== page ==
1.4 Dark Matter in Spiral Galaxies
The notion of dark matter in and around galaxies was only gradually developed, and became accepted during the 1970's. This slow development is due to the complexity of the problem : our knowledge of stellar populations in galaxies drastically improved due to new observational techniques and more systematic studies. Furthermore, the development of numerical simulations provided two very important concepts : the idea that dynamically hot matter is needed to stabilize disks (Ostriker & Peebles 1973), and the notion of merging of galaxies due to mutual interaction (Toomre & Toomre 1972, Toomre 1977).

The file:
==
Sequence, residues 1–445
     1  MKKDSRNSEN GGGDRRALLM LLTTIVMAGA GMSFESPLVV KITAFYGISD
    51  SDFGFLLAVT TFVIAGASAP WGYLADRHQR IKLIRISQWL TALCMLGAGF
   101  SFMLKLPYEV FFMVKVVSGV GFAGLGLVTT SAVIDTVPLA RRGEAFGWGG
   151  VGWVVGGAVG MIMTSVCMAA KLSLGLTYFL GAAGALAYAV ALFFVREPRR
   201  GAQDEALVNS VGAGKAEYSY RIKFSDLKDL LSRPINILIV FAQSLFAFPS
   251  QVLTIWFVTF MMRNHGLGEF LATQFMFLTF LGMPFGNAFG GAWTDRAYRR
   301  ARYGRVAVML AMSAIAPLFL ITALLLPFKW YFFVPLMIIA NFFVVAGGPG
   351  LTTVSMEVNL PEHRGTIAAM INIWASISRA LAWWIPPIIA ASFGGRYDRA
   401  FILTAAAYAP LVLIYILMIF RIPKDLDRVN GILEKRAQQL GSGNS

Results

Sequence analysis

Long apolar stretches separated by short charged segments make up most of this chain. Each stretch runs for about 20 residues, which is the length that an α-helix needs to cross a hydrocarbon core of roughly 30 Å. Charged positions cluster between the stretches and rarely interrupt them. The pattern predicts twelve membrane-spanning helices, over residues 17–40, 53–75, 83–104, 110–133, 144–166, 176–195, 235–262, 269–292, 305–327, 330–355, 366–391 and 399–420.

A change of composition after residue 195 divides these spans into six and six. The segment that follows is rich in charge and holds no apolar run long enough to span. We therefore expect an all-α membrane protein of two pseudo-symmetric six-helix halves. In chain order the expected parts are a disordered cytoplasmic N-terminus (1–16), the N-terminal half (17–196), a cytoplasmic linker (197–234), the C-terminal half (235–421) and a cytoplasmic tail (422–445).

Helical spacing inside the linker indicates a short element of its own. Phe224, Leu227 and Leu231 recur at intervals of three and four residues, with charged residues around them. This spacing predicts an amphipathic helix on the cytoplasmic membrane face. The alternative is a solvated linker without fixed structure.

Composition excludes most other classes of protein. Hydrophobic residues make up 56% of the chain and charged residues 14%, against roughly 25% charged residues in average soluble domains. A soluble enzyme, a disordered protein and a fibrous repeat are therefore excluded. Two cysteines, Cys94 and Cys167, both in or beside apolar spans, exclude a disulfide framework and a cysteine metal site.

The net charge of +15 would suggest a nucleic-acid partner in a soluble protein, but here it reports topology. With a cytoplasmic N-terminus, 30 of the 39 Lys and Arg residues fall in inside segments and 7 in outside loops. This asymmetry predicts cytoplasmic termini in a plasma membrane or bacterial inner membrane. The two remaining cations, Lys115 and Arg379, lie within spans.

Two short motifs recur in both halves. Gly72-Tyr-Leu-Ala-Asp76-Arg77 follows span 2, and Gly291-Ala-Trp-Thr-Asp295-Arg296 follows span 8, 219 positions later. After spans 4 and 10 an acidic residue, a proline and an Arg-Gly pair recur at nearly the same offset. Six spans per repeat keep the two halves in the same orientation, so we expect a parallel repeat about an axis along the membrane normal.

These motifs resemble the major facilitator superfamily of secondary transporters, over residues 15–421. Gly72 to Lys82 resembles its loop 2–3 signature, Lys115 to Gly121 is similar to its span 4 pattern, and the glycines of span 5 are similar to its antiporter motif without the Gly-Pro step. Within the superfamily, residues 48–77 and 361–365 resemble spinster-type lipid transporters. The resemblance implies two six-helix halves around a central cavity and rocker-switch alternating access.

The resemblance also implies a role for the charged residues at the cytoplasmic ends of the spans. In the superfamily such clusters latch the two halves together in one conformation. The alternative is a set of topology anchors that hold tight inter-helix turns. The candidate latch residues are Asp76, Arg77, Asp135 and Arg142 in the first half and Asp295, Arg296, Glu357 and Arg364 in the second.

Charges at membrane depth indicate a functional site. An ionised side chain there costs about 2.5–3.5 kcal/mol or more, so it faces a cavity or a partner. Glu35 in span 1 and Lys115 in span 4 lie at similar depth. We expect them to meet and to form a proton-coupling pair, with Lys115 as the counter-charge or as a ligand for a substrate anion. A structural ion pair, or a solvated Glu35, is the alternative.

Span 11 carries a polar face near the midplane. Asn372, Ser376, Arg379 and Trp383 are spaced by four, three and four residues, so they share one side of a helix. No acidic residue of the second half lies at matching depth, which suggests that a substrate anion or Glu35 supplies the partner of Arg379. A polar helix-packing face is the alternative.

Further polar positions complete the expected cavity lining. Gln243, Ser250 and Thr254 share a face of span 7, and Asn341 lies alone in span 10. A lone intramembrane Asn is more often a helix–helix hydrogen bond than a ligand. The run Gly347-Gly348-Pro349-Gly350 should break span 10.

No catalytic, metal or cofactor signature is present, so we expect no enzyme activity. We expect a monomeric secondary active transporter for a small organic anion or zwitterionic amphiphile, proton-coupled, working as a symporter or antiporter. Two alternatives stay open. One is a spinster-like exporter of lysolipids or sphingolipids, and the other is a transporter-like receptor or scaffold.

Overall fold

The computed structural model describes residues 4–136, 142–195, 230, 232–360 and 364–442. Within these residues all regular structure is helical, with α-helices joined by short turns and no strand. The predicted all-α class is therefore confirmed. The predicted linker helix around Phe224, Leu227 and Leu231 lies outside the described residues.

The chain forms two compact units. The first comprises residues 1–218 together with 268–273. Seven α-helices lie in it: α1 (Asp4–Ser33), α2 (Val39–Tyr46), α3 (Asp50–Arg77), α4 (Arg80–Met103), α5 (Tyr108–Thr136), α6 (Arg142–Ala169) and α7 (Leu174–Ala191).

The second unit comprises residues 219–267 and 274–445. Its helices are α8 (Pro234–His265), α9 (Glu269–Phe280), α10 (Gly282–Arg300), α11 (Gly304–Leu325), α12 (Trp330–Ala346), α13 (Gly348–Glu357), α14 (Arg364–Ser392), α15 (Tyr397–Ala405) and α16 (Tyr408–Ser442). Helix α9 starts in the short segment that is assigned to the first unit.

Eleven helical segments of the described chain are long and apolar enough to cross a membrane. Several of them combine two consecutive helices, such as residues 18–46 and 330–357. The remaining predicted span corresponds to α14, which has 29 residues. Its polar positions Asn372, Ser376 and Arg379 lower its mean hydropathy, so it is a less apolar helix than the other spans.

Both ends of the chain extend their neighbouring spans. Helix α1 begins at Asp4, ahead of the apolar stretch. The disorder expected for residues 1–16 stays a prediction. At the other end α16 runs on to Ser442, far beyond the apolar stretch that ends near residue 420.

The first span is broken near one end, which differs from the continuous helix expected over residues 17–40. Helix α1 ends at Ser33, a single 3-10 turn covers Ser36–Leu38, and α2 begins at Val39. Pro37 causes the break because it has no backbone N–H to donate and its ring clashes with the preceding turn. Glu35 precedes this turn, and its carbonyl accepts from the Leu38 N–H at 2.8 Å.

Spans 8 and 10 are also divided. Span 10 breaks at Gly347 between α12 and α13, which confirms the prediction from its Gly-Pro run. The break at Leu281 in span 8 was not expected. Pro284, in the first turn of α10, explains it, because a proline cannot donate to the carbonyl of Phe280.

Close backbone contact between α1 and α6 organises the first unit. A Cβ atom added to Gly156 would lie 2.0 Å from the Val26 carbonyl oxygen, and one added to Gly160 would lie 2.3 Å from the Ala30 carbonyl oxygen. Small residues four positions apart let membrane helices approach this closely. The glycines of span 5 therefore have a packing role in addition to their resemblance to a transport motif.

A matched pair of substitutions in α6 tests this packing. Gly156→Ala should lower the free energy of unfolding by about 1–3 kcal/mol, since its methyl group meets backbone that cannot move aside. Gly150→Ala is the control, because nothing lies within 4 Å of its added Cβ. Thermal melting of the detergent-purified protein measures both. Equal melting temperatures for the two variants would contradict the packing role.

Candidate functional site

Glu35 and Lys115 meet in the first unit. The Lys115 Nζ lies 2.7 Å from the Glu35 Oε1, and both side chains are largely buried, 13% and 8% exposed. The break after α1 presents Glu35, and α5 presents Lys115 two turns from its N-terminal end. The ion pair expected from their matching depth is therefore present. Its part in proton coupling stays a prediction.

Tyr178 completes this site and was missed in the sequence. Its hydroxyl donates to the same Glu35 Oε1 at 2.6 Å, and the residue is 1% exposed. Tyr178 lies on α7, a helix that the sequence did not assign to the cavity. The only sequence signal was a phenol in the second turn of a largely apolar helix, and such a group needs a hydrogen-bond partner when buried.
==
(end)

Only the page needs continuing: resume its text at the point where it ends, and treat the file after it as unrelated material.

If all the mass of a galaxy is in the center, and the ionized gas can be considered as orbiting test particles, one expects a Keplerian rotation curve (rotation velocity Vrot proportional to radius R-1/2). If the mass distribution follows the light distribution, i.e. the mass-to-light ratio is constant with radius, then, for an exponential light distribution (cf. Freeman 1970) one has a rotation curve which peaks at about 2.2 times the scalelength of the disk, and which thereafter slowly falls off towards the Keplerian behaviour. Note that for a rotation curve that just peaks at the edge of the optical disk, there is only 64% of the mass enclosed inside the radius of the disk. Hence a substantial fraction of mass is already outside the optical radius in that case. If no turnover is reached, more mass must be outside. This is the justification for the statement in Freeman (1970) that for M33 and NGC 300 a lot of mass must be outside the last measured point on the rotation curve.